Breaking Down Barriers in Bulgaria

BY llewis | 31 May 2013 |

Breaking Down Barriers in Bulgaria

by Tiffany Randall & Ian Shaw, Langham Scholars

Kameliya Slacheva defending her thesis.

Kameliya Slacheva defending her thesis.

In Bulgaria, 76% of the population belongs to the Orthodox Church, and Protestant evangelicals are generally viewed with suspicion. None of the evangelicals who had applied to the University of Sofia Orthodox Theological Faculty (the only PhD programme for theology available in Bulgaria) had passed the entrance exam. That is, until lawyer and theologian Kameliya Slavcheva made the attempt. She says about this experience:

‘From the beginning I was assured in God’s guidance and in the fact that He made things to happen. I knew that I was not accidentally in the Orthodox Theological Faculty. To be able to take the required exams, I had to learn Orthodox theology and understand and use Orthodox terminology. It was hard, but now it helps me a lot. First, because now I have many friends among my colleagues and teachers with whom I was for four years. Second, the Orthodox theology expanded my knowledge.’

During her studies, Kameliya consulted closely with another Langham Scholar, Dr Parush Parushev, who is the Academic Dean of the International Baptist Theological Seminary in Prague. As a result of her doctoral studies, she has become one of the premier experts on human rights and religious freedoms in her region, a vital topic where the religious rights of minorities are often ignored. God has opened amazing doors through her study. Kameliya now has opportunities to teach Church law within the Theological Faculty of Sofia University, as well as teaching on Masters-level courses at the New Bulgarian University. She also serves as Dean at the St Trivelius Institute, where she teaches her students ways to defend their religious rights and freedoms.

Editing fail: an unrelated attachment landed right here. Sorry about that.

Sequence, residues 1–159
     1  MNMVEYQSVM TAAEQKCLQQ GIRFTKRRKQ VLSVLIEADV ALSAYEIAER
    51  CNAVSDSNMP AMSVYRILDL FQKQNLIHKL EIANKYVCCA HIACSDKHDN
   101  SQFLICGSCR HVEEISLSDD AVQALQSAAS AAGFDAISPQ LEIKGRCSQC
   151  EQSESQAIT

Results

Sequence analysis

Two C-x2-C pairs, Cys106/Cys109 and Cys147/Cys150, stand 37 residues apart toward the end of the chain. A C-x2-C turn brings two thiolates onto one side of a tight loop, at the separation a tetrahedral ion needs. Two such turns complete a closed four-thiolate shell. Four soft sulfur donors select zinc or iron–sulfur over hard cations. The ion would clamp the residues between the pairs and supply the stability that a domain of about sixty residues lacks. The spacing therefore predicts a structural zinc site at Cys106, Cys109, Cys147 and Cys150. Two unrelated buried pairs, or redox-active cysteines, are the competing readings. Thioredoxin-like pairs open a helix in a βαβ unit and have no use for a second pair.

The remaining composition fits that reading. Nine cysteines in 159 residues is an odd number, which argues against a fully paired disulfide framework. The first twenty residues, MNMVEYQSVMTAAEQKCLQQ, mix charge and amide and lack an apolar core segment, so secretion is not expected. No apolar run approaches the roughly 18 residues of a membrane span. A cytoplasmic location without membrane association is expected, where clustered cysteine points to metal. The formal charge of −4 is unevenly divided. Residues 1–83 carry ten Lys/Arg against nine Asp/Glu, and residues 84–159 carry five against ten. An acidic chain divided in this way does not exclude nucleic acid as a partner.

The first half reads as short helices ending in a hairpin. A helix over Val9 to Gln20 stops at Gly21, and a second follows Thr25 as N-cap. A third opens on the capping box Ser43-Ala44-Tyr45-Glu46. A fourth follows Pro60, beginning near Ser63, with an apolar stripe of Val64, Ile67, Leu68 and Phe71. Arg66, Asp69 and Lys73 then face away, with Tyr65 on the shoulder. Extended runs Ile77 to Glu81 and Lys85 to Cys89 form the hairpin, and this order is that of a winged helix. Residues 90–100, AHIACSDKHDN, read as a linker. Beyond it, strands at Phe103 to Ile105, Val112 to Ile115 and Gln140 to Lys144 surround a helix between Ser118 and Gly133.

She says about her support from Langham,

‘a major difficulty was finding the time and resources to be able to read and do my research related to the doctorate. I had to work all day to take care of my family, take the time for the children and read at night. It was really difficult. Then Langham decided to support me. This gave me the opportunity to travel to find the literature that I needed and participate in various conferences, and to meet with different theologians.’

On April 10, 2013, after her public defence Kameliya received a unanimous vote by her doctoral committee to award her the degree, making her the first Protestant student to receive a PhD degree in Theology from a Bulgarian university, and the youngest Bulgarian Protestant to hold a PhD. Her public defense in Sofia was attended by people from Protestant, Orthodox, and Armenian churches, as well as the Union for Interreligious Dialogue and the Department of Ecclesiastical Matters.  Following in her footsteps are ten more Protestants who are now enrolled at the Theological Faculty of Sofia University. Dr Slavcheva has helped to build a bridge between Orthodox and Evangelical churches in her country, and to deepen understanding of religious freedoms and human rights, all to the glory of God.

 

Kemeliya Slavcheva with her husband Ivo and one of their sons.

Kemeliya Slavcheva with her husband Ivo and one of their sons.